Life took another turn, my professor, whom I call to this day my guardian angel, called me to tell me that they didn’t have any assistantships available for me, but he said that he believed in me and my creativity and that I deserved a chance, therefore, he was going to advocate for me to get a tuition waiver. These words meant a lot to me, I was coming from another country, yet someone believed in me and was going to advocate for me. That doesn’t happen too often –at least I thought. He asked me to meet him at his office so we could discuss. I arrived to his office and he was there with another student. He proceeded to tell me that I was going to be given a tuition waiver, and the only thing that I needed to do was to organize his messy office. He then proceeded to give me a copy of his key and said, once you are done just put the key in my drawer and close the door behind you – couple hours later, the office was cleaned, and the door was closed behind me as he instructed. I couldn’t believe this was happening to me and my parents were so excited for me. Two years later, I received my Master’s in Journalism and Public Relations – thanks to my professor– my guardian angel who gave me a chance.
He was not the only one who gave me a chance and believed in me while at school. I remember many times after I turned in my assignments for either my journalism classes or public relations classes that my scores were higher than what the assignment were worth. Yes, if the assignment was worth 10 points, sometimes I got an 11 or 12. The reason why, it was because the professors said to me that I was very creative and I deserved the extra credits. So, they saw past my grammar errors; not sure why, but they did. So it was nice to have the support and push from so many.
After graduation, my husband and I moved to Medford, New Jersey. I ended up staying here because more than one person took a chance on me. Not only did my husband take a chance on me by loving me – but by bringing me to his hometown and his home. My parents-in-law opened their hearts and their home to me right away. They took me in after losing a daughter few years back – I imagine that was not easy for them to do. I didn’t have family around and I needed that. They became my family very quickly and I am thankful for that to this day.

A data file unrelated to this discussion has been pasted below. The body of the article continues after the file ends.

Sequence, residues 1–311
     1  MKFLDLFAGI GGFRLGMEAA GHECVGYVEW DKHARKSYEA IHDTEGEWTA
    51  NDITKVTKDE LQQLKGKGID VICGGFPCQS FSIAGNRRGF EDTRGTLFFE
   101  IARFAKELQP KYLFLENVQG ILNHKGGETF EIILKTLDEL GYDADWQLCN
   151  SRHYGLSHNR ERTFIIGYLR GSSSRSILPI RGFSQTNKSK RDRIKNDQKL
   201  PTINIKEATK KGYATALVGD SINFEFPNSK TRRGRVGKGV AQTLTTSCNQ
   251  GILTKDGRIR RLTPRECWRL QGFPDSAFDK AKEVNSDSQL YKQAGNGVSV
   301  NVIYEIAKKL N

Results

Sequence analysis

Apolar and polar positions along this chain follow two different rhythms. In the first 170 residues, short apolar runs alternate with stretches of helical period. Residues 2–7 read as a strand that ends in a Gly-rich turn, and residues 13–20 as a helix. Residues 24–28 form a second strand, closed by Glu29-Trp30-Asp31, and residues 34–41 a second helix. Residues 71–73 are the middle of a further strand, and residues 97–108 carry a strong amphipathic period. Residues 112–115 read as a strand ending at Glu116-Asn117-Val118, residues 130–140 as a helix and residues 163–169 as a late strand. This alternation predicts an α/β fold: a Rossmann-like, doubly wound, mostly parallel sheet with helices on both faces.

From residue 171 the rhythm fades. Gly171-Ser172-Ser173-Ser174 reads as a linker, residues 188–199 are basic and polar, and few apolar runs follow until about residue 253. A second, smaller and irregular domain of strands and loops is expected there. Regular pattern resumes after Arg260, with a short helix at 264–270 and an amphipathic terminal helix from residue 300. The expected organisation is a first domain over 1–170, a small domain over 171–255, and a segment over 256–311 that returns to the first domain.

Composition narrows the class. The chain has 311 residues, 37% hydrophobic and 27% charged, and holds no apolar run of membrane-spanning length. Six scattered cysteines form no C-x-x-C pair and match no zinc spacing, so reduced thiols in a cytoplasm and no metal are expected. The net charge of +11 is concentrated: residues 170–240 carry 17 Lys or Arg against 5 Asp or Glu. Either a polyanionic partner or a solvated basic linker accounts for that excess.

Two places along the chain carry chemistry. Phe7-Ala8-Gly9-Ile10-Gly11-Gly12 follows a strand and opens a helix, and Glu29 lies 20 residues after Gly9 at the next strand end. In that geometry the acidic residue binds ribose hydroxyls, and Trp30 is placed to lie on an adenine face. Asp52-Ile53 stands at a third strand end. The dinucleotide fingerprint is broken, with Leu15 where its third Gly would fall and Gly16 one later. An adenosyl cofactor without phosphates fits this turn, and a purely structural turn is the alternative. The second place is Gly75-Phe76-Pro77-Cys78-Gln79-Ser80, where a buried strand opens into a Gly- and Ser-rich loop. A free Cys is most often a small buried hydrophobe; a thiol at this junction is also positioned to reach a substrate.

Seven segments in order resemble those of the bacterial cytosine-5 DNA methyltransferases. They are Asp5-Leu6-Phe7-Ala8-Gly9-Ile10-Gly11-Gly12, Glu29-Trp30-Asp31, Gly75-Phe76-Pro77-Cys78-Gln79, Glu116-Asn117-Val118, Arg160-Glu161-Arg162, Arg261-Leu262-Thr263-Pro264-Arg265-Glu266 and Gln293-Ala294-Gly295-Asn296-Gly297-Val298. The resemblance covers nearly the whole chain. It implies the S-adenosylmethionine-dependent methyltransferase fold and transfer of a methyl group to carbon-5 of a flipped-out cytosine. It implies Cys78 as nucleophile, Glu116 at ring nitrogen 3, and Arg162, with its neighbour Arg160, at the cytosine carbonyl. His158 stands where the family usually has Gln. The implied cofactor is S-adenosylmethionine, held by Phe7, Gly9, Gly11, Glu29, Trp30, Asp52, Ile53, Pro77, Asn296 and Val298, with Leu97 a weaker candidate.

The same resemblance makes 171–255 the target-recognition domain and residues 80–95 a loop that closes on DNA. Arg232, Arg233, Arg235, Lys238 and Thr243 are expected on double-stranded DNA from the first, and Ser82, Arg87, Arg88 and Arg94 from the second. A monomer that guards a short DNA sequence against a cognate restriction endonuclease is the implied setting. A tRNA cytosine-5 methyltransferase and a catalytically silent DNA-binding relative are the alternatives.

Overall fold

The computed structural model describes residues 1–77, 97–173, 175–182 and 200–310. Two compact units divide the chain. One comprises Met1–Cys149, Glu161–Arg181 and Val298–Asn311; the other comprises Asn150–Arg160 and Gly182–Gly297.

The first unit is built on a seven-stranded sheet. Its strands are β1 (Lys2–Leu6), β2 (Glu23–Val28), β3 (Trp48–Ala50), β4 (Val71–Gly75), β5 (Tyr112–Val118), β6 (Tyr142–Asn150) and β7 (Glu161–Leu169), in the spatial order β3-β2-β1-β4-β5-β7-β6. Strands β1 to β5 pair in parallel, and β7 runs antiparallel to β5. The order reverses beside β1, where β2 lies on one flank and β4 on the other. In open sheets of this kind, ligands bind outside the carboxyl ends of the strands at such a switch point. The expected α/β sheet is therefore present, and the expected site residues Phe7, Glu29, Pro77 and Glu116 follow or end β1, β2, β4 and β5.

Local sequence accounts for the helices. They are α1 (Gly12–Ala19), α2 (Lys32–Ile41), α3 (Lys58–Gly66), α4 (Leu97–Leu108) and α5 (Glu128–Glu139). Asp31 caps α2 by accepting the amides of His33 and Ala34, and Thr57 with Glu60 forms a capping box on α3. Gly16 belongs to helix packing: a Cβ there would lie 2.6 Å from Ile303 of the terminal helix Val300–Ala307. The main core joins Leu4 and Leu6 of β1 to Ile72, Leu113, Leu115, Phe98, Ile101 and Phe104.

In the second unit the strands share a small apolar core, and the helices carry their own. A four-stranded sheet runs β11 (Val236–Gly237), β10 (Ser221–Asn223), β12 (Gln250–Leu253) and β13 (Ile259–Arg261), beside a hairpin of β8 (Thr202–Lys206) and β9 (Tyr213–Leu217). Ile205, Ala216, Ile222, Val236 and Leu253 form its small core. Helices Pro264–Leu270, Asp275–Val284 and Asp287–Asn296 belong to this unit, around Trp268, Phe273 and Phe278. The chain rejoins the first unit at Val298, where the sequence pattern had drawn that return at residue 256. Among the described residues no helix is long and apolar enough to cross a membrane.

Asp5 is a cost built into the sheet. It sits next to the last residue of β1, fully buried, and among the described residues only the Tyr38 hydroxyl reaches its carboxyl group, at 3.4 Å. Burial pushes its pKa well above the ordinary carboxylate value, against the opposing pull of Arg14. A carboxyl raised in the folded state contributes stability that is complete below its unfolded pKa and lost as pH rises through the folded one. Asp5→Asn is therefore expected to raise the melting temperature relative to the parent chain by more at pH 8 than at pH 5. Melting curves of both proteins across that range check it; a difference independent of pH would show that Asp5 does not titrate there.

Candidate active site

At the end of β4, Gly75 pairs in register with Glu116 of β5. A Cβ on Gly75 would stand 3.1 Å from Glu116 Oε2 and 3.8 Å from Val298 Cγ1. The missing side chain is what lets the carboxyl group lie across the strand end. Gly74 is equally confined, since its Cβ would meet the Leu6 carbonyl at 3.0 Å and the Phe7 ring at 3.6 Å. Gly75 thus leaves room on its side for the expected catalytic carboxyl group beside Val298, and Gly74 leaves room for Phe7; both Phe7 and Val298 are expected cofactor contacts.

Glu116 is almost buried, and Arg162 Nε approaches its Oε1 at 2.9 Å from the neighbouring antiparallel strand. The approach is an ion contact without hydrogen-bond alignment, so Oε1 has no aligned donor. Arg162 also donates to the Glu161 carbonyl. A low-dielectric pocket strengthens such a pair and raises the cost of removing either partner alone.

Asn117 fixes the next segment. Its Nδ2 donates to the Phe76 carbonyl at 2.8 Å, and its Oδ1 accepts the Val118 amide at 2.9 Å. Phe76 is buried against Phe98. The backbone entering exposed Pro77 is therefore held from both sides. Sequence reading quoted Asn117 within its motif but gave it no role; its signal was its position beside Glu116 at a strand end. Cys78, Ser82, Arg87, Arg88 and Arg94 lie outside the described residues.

That summer, I was able to visit my family, and while I was there, my father was diagnosed with skin cancer. It was hard to hear but the prognosis was good at that time. I remember going with him to his appointments after the surgery he had to remove the tumor from his head. Following the surgery, he had a weird reaction and his face and neck were swollen; no one knew what was happening. We thought the cancer had spread but all the doctors said it didn’t. He visited different specialists and no one was able to identify the cause. It was a painful process. My vacation was over and I left thinking that my father was going to be alright, since all the doctors kept saying his swollen neck wasn’t related to the skin cancer.
A year passed, it was March of 2002, and I remember my mom calling me to tell me how hard it has been as my father was struggling. My father told me he needed radiation but he couldn’t have it as his kidneys weren’t strong enough. He told me everything was going to be fine, as he always did. A couple weeks later, I got a call from my sister to tell me that my father was in the hospital and he only had a couple days to live. It was the most devastating news I ever heard – I had to go home. My mother-in-law took care of the flights for me and Tyson as I couldn’t move; all I did was scream, cry and pack all my belongings.